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Kimya Dawson is talking, but you know her eyes are surveying the road ahead.


“We’re on a mission to find a playground,” the star of the chart-topping “Juno” soundtrack says last week as her husband and opening act, Angelo Spencer, steers the couple’s minivan. The littlest one in the entourage, baby Panda Delilah, all of 20 months, is quiet in the background.


“I got a good one,” the proud momma says of her girl as the family heads toward Fort Myers, Fla. It’s because of another baby - albeit a fictional one - that Dawson’s career has seen something of a rebirth, too.


Half of the Manhattan anti-folk duo the Moldy Peaches, she became almost as much of a household name as Oscar-winning “Juno” screenwriter Diablo Cody. “I didn’t think it wouldn’t happen,” says the 35-year-old singer-songwriter with a knack for ragamuffin spoken-sung melodies. “I just didn’t expect the movie to be as big as it was.”


Dawson has the film’s star, Ellen Page, to thank for turning “Juno” director Jason Reitman onto the Moldy Peaches, a duo specializing in off-key, childlike ditties, strummed on beginner’s guitar and recorded lo-fi. The band, which is on hiatus, is Page’s muse, apparently.  Reitman especially liked “Anyone Else But You,” which is featured a second time in the film with Page and Michael Cera’s BFF characters singing to each other. “This song ... defined the sound of the film: a patchwork of homemade sounds made by teenagers whose ... honesty rang through the crappy tape recorder used to capture their chicken-scratch lyrics,” the director writes in the soundtrack’s liner notes.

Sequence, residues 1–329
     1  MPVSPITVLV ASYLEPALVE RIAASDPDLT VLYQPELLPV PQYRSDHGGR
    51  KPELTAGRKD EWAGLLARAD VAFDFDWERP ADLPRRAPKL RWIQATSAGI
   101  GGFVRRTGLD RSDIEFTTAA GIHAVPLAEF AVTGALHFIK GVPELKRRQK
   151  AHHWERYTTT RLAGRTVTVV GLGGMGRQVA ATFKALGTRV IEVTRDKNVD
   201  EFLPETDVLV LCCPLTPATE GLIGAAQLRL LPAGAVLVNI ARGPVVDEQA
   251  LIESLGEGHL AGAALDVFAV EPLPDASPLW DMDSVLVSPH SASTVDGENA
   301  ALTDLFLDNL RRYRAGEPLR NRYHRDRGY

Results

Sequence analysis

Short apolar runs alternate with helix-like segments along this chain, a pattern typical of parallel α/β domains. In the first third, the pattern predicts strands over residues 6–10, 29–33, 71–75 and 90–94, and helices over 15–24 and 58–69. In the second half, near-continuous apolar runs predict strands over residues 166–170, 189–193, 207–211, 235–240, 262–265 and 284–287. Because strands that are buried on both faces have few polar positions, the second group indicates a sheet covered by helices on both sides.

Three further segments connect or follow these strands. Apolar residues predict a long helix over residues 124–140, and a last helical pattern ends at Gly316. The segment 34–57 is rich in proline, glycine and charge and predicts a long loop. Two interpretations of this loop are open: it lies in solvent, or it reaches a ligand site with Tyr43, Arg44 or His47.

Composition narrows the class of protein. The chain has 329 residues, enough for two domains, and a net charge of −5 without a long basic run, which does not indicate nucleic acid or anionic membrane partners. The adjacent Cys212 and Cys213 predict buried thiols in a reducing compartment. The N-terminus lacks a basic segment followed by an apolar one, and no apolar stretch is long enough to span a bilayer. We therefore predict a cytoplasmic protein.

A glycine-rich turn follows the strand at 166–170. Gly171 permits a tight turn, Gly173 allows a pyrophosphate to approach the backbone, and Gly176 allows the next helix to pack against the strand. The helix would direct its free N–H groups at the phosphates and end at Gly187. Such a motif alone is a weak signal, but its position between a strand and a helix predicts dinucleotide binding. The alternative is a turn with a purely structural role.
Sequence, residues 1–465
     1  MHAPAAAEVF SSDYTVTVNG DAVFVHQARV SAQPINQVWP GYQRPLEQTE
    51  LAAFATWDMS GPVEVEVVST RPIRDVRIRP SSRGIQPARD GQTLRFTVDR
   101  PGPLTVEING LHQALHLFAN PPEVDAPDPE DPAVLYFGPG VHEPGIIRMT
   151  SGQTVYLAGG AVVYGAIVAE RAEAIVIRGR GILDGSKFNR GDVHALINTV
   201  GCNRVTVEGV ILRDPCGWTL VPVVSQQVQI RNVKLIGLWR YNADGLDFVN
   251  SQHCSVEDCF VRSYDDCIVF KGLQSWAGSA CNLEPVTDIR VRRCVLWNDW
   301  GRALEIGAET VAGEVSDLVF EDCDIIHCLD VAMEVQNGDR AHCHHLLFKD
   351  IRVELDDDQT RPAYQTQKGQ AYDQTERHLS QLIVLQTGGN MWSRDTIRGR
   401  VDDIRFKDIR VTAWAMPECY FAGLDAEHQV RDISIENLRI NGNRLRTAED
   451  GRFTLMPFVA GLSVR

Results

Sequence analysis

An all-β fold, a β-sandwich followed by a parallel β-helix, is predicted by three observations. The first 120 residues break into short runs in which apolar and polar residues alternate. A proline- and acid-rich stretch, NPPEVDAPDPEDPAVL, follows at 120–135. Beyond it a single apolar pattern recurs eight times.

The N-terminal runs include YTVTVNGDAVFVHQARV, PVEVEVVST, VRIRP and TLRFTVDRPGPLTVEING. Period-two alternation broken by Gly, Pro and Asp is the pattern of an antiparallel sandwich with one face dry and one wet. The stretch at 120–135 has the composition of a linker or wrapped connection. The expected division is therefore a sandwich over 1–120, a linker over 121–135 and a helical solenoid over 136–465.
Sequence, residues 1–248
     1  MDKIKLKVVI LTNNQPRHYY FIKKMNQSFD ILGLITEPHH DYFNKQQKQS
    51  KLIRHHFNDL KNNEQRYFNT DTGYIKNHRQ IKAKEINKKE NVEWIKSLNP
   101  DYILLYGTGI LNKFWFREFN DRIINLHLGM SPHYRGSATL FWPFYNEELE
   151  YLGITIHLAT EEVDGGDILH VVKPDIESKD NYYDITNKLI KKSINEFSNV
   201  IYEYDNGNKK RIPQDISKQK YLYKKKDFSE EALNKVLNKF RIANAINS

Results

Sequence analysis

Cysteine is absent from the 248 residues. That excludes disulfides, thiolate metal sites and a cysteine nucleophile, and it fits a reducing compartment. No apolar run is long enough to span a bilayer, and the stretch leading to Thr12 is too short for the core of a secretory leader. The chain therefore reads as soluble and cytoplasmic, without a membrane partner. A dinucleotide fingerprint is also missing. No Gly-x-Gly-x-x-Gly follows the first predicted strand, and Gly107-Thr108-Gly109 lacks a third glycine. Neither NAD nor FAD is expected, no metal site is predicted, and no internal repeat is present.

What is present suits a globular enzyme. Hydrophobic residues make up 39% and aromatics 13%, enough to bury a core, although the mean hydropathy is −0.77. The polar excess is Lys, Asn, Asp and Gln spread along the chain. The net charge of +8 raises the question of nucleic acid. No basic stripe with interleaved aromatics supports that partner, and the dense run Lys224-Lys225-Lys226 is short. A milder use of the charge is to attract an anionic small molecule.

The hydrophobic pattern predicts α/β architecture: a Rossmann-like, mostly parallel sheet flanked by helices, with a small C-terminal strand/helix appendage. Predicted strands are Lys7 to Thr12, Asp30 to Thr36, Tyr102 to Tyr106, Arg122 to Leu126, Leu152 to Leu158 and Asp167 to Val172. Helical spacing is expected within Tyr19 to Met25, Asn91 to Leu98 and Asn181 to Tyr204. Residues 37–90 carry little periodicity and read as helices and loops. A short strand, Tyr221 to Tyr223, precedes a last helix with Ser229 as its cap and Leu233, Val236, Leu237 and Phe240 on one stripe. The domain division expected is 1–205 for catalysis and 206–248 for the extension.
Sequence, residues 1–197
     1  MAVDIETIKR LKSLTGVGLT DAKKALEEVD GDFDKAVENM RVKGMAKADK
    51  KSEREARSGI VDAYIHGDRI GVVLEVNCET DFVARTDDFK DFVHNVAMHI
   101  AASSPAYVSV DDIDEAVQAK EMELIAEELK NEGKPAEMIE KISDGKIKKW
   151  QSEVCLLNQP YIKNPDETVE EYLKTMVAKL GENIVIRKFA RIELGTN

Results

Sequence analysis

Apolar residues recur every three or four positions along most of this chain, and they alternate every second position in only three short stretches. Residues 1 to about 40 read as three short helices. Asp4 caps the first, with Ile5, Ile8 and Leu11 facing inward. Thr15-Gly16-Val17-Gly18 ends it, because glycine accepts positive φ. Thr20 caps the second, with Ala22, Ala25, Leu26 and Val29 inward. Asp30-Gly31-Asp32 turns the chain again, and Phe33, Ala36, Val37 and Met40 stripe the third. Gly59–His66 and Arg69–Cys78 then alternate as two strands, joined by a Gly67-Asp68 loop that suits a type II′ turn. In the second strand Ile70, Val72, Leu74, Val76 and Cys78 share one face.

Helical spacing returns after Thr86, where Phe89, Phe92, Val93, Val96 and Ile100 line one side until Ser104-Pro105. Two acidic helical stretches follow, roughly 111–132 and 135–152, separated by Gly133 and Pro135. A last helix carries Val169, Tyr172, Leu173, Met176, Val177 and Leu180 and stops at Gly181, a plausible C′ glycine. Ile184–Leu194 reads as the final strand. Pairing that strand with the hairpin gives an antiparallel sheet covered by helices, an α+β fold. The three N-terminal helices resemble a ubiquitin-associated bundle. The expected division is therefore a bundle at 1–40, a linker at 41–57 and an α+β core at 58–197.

Dawson, who now lives in Olympia, Wash., still employs those “chicken-scratch” stream-of-consciousness words, it’s just that more people are hearing them now. The soundtrack, on Rhino, bounded up the charts to No. 1 on the Billboard Top 200 in January.


“The shows are a little bigger and we have more opportunities to play other countries - we’re going to Australia and New Zealand in June,” she says. “Oh, and I’ve been able to afford health insurance for the first time in 15 years.”


In August, she plans on releasing “Alphabutt” (K Records), a children’s album that utilizes kids from toddler to teen singing and playing instruments with her. “It’s a little more free and fun,” Dawson says.


More fun? That’s hard to believe, especially if you remember the eponymous Moldy Peaches album from 2001 (sample song, “Who’s Got the Crack”; sample lyric, “I like it when my hair is poofy/I like it when you slip me a roofie”).


She reunited with the other Peach, Adam Green, for a performance on ABC’s “The View” in January. But a full-scale reunion won’t happen “anytime soon,” Dawson says.


She says the same thing about having another baby: “Not anytime soon.” Because she’s got a good one right now.

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